Denis Bellemore and Sylvie Dussault maintained somewhat independent lives but were in some kind of relationship when he died in 2009. Bellemore also had three children from a previous union, but during his lifetime never told them clearly about his relationship with Dussault. At issue in Bellemore (Succession de), 2012 QCCS 4283, was the inheritance of his estate, in particular the benefits under his company pension. In a document Bellemore had composed on his computer and called his ‘2009 Personal Will’, he left most of his estate (including his pension entitlement) to Dussault, except for interests in the will of his parents, which he left to his kids. Bellemore had printed and signed the document, but hadn’t done so before a notary – so it was invalid as a will in the traditional sense. Could the electronic version nevertheless qualify as a valid holograph will? Did it amount to a beneficiary designation for the purposes of his company pension? And was Dussault his common-law spouse (conjointe de fait), entitled to death benefits under the pension?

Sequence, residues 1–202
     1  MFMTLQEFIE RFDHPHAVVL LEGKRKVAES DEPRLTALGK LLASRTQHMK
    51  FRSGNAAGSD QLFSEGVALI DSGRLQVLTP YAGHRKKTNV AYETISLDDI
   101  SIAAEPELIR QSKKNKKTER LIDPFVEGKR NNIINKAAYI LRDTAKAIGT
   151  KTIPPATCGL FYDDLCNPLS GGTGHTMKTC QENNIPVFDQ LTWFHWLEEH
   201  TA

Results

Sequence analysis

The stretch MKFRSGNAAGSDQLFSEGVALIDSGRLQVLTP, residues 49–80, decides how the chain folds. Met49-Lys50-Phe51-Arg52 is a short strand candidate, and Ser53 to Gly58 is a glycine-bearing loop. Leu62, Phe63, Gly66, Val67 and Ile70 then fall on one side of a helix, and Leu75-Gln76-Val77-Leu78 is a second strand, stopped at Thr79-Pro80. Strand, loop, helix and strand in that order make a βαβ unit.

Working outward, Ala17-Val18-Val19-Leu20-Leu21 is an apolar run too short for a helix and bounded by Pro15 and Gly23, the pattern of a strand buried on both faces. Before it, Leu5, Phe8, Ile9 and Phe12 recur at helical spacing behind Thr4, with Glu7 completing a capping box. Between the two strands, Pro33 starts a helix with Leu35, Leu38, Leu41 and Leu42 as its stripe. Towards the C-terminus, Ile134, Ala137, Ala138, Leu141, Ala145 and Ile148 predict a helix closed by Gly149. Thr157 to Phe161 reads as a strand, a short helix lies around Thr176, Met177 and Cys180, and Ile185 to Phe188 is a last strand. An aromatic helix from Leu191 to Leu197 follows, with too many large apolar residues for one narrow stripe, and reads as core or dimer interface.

Laberge CJS found that the ‘will’ was adequate as a beneficiary designation because the applicable legislation only required a designation in writing. The judge also concluded that, in spite of their somewhat separate lives, Bellemore and Dussault were at the time of his death conjoints de fait for the purposes of the pension scheme, thus entitling her to death benefits. So far, so good for Dussault. The printed and signed version of the will wasn’t valid, nor was it OK as a holograph because it hadn’t been written entirely in Bellemore’s hand (which, as the judge pointed out, is what ‘holograph’ means). Provisions of the Civil Code which can cure a defective will weren’t available and the functional equivalency rules for electronic documents did not extend to testamentary dispositions. Dussault got the pension money (and a third of Bellemore’s ashes), but not the remainder of the estate.
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